Clearly there are some people who think that there is no one more trustworthy and less likely to be over influenced by wealthy lobbyists than a minister in this government. The rest of us are entitled to be seriously concerned about the consequences.
What could possibly go wrong?
How will Britain’s companies export to Europe if they are producing goods to different standards? How can we be confident that Britain’s financial traders aren’t busy stoking up another huge crash if they are working under light regulations? How do we know the new house we buy will be safe, the burger doesn’t contain condemned meat, the water our kids paddle in won’t be full of sewage, or the transport we are using is safe to use?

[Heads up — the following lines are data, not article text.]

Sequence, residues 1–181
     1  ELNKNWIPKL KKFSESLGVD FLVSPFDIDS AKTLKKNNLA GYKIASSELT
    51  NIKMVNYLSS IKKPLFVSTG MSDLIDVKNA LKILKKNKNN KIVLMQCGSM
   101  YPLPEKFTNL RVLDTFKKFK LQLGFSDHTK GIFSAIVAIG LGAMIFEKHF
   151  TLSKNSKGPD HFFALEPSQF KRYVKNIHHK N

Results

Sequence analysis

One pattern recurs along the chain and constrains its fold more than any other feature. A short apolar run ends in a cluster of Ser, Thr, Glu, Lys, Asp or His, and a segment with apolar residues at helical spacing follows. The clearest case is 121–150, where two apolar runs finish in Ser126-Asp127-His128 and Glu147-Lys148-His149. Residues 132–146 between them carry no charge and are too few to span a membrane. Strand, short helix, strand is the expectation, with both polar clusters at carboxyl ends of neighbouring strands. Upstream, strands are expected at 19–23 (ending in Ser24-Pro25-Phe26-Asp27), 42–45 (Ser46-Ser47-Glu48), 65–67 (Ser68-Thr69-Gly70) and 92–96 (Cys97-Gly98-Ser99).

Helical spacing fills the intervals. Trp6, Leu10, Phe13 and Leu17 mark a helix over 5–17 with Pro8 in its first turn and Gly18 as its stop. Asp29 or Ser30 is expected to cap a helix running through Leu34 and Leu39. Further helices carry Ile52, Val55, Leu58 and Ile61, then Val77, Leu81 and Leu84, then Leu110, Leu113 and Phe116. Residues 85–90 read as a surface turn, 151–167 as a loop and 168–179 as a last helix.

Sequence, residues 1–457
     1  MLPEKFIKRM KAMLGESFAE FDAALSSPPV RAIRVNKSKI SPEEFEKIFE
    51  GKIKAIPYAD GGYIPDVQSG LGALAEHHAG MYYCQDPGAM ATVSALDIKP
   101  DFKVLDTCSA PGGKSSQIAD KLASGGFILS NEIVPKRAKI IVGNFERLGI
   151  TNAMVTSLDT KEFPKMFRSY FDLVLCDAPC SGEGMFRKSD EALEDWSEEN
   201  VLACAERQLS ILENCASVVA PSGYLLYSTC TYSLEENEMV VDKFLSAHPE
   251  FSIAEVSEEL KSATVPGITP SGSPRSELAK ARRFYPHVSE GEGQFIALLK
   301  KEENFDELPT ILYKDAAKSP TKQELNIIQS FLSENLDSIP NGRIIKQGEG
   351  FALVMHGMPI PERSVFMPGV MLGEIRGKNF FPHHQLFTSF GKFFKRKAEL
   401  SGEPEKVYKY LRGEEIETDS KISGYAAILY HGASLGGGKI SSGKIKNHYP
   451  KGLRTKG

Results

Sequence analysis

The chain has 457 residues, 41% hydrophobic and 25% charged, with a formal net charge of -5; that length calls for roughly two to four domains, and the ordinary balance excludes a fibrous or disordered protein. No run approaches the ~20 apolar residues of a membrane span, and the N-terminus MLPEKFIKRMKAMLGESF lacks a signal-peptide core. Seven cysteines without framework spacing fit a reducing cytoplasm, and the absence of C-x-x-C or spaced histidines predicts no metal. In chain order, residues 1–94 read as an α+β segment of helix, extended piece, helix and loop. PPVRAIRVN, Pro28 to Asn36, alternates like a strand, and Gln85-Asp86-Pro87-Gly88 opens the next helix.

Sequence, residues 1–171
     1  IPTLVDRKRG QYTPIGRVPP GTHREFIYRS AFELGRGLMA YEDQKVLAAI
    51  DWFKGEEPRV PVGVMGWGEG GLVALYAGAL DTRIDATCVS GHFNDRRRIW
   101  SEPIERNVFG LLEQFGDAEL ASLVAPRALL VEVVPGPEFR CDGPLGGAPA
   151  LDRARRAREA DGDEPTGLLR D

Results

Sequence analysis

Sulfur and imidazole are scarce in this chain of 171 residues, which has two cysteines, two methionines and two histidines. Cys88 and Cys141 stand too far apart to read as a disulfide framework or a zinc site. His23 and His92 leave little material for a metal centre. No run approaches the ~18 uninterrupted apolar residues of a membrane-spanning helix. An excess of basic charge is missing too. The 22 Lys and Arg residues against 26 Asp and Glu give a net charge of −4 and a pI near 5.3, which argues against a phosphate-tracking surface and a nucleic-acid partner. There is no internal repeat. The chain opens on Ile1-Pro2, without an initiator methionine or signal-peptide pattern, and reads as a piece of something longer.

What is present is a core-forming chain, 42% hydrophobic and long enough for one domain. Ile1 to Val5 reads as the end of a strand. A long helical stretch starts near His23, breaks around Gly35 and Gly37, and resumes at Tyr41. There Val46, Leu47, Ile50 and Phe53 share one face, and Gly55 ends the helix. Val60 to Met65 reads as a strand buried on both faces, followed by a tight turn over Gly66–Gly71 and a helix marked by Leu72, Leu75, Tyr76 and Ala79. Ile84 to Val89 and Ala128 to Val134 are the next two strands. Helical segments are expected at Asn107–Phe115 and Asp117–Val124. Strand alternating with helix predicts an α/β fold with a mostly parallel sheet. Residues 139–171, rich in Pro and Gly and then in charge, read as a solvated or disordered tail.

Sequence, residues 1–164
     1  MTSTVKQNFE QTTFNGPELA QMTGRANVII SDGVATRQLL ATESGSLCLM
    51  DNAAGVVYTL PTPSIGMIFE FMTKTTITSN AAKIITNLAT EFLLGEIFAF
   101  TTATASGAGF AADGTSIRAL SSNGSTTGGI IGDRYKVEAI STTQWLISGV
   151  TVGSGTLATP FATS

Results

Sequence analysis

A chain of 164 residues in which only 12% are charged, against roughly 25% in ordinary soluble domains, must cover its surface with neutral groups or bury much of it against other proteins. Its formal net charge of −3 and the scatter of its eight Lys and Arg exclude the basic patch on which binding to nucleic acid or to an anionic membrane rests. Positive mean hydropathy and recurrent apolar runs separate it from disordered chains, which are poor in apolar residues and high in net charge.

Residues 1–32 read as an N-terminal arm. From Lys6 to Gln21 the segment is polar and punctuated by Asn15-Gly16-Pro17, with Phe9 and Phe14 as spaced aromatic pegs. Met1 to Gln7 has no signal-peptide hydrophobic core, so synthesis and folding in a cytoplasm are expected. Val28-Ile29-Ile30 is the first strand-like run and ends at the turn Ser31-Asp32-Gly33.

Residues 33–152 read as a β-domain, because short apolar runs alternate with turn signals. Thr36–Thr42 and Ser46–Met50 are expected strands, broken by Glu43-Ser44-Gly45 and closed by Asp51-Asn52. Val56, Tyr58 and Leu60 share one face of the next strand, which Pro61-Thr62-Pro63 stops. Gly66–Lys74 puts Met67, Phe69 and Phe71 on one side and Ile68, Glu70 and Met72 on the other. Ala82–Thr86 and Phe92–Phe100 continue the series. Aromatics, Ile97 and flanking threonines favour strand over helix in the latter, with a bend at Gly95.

No one likes unnecessary rules and pointless regulations. But no one can check the reliability of every product and service we use. At a time when the government itself isn’t exactly known for its high standards and its professionalism the public needs to be able to rely on powerful independent regulators properly controlling standards in this country. Instead, we are about to be left with untrustworthy ministers making decisions in the quiet of back rooms without any parliamentary scrutiny under heavy lobbying from those who make money from lowering quality.
What could possibly go wrong?